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It’s summer reading season and I’ve loaded the Kindle for the next six weeks in Singapore before packing my flannel shirts for northern British Columbia and the annual fishing pilgrimage. Below I recommend a dozen books, suggest three to avoid, and conclude with a quartet of TV series worth seeing. The two best-value books are actually free, Squall (Sean Costello) and Whiskey Sour (J. A. Konrath).


As always, I’m on the lookout for a good thriller, so don’t be shy about sharing your favorites, too.


Bradley West, Singapore, July 2019


Real-Life Thrillers


The Power of the Dog trilogy (5-, 5- and 3½ -stars) by Don Winslow (2005, 2015, 2019). Sweeping saga of the rise of the Sinaloa Cartel and government complicity and corruption in both the US and Mexico.


In 2005 when Winslow published The Power of the Dog, he unwittingly launched new cottage industries in television (Narcos: Mexico), journalism (Sean Penn’s infamous Rolling Stone article) and movies (Sicario I, II). The DEA’s Art Keller is a composite character whose illegal wiretap of a kingpin’s mistress leads to the kidnapping, torture and death of his junior colleague (a fictional Kiki Camarena) in 1985 Guadalajara. More generally, the book traces the ascendance of the Sinaloa Cartel over thirty years, and the unsavory roles played by Mexico’s and the United States’ officialdom. The Power of the Dog runs six-hundred-pages and is jammed full of interesting characters and plotlines that compelled me to research the real-life parallels. A big book by any yardstick: a solid 5-stars.


Source: Amazon

Follow-up The Cartel covers 2004-2015 and is as intricate and captivating as its predecessor. Keller once again squares off against drug lord Adán Barrera (a composite of three traffickers including El Chapo), and again the violence, government duplicity and double-crosses flow: another 5-star effort. The final installment, The Border, ran out of gas and is best left to hard core Winslow fans . I rate it only 3½ stars.

Squall (4-stars) by Sean Costello (2015). Elmore Leonard in Canada’s winter wilderness

Source: Kobo

Squall starts out at a breathless pace, with dialog driving the action and colorful characters painted with words Elmore Leonard fans will recognize. The middle of the book sees the action level off and then build to a crescendo over the last pages with the hero’s wife going into labor. The arch villain faces a choice: help deliver the baby of someone he’s going to kill, or watch mother and newborn perish during childbirth? This was my first exposure to Mr. Costello’s writing, and I’ve already picked up two more of his novels.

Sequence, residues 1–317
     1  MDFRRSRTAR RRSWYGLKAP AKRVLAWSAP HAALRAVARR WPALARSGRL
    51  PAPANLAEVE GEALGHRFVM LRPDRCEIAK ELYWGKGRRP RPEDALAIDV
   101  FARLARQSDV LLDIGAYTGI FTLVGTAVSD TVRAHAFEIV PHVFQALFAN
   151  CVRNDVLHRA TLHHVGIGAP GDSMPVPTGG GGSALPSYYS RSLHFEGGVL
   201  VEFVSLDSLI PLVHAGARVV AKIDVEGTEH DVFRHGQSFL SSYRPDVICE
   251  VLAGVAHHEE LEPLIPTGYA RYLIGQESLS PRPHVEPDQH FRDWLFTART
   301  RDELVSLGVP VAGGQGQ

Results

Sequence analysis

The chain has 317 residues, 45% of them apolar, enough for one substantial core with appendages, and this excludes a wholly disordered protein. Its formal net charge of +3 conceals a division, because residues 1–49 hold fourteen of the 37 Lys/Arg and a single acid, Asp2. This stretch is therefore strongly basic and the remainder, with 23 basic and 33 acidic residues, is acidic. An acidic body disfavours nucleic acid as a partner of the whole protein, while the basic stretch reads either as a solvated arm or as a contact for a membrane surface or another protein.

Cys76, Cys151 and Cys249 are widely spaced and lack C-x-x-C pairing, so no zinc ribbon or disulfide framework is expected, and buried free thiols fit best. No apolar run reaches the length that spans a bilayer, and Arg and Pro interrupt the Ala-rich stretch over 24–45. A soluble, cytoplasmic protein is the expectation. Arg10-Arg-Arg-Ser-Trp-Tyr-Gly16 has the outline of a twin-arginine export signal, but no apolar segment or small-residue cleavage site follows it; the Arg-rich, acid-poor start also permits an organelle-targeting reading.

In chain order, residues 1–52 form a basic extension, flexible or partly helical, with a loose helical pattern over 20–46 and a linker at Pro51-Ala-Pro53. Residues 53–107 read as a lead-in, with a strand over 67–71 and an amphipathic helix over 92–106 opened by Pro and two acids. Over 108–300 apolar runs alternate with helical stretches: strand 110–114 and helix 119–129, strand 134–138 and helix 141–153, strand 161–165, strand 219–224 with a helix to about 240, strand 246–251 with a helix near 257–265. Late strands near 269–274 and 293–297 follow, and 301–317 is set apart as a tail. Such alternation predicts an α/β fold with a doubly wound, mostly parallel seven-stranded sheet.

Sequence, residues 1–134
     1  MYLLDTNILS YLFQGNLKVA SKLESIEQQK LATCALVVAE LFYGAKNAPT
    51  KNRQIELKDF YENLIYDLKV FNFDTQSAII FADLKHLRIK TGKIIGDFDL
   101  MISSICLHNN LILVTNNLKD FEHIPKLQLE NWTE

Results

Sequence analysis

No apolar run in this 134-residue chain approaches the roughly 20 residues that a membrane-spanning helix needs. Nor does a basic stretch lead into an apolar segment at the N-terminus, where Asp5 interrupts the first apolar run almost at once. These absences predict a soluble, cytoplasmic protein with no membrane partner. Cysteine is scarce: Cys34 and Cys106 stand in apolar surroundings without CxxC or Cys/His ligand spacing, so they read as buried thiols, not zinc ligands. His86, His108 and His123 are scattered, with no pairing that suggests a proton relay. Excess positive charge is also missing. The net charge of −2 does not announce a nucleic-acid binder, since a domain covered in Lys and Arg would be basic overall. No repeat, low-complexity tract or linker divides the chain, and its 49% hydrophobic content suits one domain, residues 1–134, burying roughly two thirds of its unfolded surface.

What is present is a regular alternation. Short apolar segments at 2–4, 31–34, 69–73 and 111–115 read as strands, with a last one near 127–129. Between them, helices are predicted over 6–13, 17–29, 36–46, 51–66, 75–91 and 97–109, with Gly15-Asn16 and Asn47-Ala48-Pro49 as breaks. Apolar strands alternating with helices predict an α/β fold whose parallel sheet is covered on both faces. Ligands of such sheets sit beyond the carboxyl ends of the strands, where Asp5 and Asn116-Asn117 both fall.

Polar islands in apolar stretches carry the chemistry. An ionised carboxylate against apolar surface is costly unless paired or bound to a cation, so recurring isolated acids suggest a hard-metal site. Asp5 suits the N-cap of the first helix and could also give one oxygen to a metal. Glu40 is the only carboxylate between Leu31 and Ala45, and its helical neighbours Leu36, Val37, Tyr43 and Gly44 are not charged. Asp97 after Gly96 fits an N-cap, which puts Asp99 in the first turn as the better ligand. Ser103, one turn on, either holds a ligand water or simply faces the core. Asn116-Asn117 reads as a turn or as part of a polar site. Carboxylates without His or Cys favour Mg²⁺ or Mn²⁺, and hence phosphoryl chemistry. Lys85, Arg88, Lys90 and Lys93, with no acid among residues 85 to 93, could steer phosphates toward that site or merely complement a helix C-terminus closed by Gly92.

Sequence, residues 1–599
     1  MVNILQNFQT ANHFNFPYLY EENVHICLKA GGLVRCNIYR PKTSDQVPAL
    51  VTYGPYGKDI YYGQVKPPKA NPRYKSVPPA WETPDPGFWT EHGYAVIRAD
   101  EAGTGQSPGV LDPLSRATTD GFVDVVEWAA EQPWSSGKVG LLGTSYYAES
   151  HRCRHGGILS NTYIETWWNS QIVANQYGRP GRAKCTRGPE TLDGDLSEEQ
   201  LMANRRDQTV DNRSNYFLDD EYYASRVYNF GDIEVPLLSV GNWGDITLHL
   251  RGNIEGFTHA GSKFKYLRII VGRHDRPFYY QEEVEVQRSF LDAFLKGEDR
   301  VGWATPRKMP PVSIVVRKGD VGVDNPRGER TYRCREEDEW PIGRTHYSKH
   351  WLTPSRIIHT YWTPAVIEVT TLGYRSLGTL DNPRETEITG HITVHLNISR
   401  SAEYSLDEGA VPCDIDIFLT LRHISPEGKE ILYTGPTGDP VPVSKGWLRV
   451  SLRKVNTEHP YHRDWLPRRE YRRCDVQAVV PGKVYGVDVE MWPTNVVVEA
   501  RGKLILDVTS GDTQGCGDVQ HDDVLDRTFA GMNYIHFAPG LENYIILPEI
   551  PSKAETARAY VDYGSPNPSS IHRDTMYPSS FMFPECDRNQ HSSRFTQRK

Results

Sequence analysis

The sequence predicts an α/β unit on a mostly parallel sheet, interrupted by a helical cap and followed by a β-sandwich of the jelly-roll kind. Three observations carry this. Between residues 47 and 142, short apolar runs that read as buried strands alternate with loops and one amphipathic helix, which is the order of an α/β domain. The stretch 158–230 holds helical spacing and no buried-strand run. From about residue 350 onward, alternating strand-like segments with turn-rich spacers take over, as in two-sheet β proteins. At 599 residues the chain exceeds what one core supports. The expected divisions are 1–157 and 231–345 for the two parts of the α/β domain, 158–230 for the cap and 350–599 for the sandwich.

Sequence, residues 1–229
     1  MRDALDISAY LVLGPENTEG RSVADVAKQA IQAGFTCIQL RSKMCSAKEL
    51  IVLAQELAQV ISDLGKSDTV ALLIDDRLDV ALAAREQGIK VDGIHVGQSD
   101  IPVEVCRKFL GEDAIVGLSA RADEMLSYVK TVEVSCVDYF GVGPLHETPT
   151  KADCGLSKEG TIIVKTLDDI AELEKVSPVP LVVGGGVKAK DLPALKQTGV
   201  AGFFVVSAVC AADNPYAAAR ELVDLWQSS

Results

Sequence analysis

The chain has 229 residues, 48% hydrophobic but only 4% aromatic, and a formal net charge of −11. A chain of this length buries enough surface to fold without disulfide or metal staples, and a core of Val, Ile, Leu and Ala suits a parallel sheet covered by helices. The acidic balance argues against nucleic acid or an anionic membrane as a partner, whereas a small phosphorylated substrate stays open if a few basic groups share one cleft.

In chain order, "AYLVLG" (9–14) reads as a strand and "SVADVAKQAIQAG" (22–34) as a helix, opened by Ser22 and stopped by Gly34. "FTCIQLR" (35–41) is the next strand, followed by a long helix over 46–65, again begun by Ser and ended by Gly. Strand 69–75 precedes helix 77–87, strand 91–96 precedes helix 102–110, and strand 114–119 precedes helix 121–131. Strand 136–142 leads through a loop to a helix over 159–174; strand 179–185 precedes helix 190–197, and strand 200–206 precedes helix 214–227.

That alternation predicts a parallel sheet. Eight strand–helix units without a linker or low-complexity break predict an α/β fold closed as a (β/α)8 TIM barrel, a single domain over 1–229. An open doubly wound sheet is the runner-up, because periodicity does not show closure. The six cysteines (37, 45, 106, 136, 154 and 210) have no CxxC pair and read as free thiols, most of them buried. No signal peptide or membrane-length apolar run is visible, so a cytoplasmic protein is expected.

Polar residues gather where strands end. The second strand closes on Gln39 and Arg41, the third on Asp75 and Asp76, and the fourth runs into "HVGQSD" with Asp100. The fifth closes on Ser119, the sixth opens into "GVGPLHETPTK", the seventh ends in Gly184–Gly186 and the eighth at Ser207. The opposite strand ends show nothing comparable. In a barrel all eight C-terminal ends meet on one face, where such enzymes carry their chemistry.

Passenger 19 (4-stars) by Ward Larsen (2016). Solid entertainment as Taken meets Jack Reacher.


Ward Larsen’s hard man Jammer Davis is a former fighter pilot who is now a civilian air crash investigator. When the plane carrying his only child, a college-aged daughter, disappears in Colombia, Jammer is on the case. Passenger 19 stretches my definition of a “real-life thriller” as Jammer’s more of mythic character than an ordinary person thrust into extraordinary circumstances. I did, however, appreciate the author’s characters and setting, and the action sequences aren’t too over-the-top. More of a beach read . . . or one for the plane.


Classic Espionage Novels

A Legacy of Spies (5-stars) by John le Carré (2017). Imperfect narration of a perfectly crafted story 

Source: Amazon


I bought A Legacy of Spies when it came out two years ago, but like an old girlfriend’s phone number I was reluctant to re-engage for fear of disappointment. The mixed online reviews reinforced my unease, but a dearth of decent espionage novels on the Kindle led me to start reading. Fans of the Karla trilogy and precursors rejoice: Le Carré retains his touch. True, there’s not nearly enough Smiley in the flesh. But after Alec Guinness and the 1970s thrillers, the myth supersedes anything new an author could write. (What would you write if give an assignment to feature George Smiley in a short story, much less a novel?) It was a clever approach to use Peter Guillam’s voice to tell tales of Smiley, Control, Alec Lemas and many others. The old master certainly knows how to deal out the intrigue, too.

On literary merit, A Legacy of Spies warrants perhaps a 4.5-star rating with slight marks lost for laborious exposition, a mixture of Guillam’s internal musings, historical documents and snippets of current actions and dialogue. But when it’s all said and done, who today writes in le Carré’s league? Quite right: 5-stars.


Spy Story (5-star) by Len Deighton (1974). An elegant espionage yarn with a bite in the tail.